(Photo courtesy of Roger Halsteadwww.rogerhalstead.com. Used with permission.)

I’m very grateful to the EAA, both nationally and Chapter 1093, and to Cody Welch for making the TriMotor available where I could get to it and for making this a really nice flight.

This is a probably the last great quest of this summer. And nearly the end of what has turned out to be a really singular logbook page. As you probably already know, it happened that the four flights in the DC-3 for the type rating made up the first four entries on the page. Then, very unexpectedly, I got the F-16 ride with the Thunderbirds. Finally, I wrap it up with 0.3 hours dual received in the Ford TriMotor. And the rest of the page is sprinkled with Citabria N157AC for additional tailwheel instruction and a lot of aerobatics.

I considered talking about how the page covers a long period of history or covers a really diverse mix of aircraft, but I guess it really comes down to this. The private certificate and the instrument rating have been long-term projects that essentially concentrate on one kind of thing each. And that’s okay. Each require a lot of focus and they’re really worthy in and of themselves.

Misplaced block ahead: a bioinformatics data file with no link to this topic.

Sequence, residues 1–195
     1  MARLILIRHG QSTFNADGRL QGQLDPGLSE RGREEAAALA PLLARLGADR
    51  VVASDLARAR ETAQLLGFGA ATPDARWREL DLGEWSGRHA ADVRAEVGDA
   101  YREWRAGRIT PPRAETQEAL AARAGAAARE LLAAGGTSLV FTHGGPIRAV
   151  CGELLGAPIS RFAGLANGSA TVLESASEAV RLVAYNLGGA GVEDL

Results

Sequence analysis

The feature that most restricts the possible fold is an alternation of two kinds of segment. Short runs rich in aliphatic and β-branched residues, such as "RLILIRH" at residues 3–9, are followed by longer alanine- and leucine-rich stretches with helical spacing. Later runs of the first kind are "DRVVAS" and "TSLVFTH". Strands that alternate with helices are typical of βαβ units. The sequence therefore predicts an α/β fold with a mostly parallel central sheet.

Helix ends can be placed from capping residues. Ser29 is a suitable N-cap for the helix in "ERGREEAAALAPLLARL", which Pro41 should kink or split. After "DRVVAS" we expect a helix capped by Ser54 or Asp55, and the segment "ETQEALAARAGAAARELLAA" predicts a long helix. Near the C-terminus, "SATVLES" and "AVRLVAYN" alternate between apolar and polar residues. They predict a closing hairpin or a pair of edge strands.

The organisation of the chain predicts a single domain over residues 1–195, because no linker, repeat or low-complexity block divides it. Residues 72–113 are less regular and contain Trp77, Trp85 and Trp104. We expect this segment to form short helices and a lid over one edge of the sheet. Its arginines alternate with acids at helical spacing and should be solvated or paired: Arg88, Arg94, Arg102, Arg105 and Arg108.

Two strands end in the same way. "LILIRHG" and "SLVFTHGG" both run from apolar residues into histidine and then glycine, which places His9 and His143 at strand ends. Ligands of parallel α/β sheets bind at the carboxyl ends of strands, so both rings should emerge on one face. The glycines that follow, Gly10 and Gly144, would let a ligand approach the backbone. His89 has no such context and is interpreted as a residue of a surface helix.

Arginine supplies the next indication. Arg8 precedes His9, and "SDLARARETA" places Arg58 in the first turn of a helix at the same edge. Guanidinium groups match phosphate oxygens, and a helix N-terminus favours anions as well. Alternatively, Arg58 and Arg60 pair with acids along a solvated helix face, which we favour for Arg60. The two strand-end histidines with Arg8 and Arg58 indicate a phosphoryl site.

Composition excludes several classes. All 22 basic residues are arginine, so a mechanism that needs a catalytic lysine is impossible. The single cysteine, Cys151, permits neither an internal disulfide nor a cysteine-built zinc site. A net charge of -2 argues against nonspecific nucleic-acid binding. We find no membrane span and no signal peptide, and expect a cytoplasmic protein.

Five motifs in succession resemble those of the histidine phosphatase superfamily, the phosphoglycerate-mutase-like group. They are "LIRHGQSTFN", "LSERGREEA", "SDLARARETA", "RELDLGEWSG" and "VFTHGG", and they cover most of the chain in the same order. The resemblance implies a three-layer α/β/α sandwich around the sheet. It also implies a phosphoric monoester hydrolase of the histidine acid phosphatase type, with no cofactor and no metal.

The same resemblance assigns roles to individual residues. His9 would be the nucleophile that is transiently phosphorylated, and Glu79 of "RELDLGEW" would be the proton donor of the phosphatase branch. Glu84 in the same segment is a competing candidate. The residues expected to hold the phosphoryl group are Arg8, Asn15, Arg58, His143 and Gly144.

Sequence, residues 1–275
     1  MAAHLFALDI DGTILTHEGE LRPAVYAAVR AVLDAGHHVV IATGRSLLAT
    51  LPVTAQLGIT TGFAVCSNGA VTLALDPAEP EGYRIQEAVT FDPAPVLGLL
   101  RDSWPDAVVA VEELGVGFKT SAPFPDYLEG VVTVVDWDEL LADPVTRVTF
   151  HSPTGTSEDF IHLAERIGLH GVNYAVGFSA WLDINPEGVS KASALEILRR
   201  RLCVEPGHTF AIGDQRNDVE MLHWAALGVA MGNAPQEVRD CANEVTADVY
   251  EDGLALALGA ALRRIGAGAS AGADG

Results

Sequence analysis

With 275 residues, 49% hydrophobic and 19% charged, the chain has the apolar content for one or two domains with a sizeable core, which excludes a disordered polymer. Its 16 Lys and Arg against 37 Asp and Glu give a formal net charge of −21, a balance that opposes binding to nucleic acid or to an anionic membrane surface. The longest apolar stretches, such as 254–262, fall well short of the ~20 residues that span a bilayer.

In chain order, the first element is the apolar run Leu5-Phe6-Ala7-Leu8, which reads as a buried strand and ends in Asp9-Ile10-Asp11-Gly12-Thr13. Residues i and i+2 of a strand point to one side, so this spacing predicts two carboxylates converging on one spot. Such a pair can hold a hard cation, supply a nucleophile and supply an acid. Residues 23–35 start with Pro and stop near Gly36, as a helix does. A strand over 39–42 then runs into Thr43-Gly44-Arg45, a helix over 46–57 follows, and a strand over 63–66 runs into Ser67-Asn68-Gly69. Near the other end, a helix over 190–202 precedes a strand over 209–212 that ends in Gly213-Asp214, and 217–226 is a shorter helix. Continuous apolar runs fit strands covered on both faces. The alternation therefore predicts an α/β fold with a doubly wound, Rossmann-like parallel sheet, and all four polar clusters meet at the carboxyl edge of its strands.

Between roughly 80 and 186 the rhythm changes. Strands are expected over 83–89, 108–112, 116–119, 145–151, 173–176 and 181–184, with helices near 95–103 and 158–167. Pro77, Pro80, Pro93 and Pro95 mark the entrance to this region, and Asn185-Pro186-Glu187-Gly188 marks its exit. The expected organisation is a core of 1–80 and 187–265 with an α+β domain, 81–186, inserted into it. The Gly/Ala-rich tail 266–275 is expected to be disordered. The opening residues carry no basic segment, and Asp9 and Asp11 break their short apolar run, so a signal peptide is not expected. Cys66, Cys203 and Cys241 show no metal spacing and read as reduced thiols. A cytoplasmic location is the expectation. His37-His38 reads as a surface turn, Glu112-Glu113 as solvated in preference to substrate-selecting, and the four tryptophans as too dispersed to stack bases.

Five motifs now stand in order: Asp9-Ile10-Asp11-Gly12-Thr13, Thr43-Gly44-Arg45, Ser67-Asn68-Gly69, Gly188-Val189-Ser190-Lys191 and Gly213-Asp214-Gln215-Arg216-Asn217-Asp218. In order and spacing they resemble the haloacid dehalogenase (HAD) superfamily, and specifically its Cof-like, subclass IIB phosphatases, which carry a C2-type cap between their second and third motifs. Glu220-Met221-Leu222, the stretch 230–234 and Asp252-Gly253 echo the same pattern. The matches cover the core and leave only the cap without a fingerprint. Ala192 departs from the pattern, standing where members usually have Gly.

But this has been the summer of branching out. Of learning some new skills in different kinds of aircraft and under different circumstances. So far in 2008, I’ve had an instrument proficiency check, gotten a multi-engine rating, added complex, high-performance, and tailwheel endorsements, gotten a SIC type rating in a vintage airliner, flown in a fighter jet, and flown my first aerobatics at the controls. If there’s a story in the logbook or otherwise for this summer, it’s branching out and getting idea of the breadth of experience that GA has to offer. And that’s a really cool phase in any pilot’s development.

Plans for the future? Lots more aerobatics in the Citabria. A possible glider episode to be recorded in Ionia. Airplane single-engine sea in a PA-12 up in Traverse City in the spring. Probably recurrent training in Georgia in the Herpa DC-3. And I’ve been invited to attend the C-47 ground school with the Yankee Air Museum in March or April.

Am I going to top the F-16 ride? Probably not. Unless Burt Rutan or Sir Richard Branson call. (Hear me, gentlemen? 248-470-7944!) But there’s more than enough to learn and experience in GA. And I’ll continue doing the best I can to bring it to you.

Stay tuned for the big Thunderbirds summary episode and some of the audio from my aerobatics training. And I’ve been shooting video in the Citabria, so don’t be surprised to see a video episode or two.

I’ve really only scratched the surface, folks. Let’s keep on exploring!

More information about the EAA TriMotor:

More information about Cody Welch:
Cody F. Welch & Associates, Inc.
15057 Lindbergh Ct
Linden, Michigan 48451
Office: 800-982-7207
Mobile: 586-946-5381

More information about Wings of Mercy East Michigan: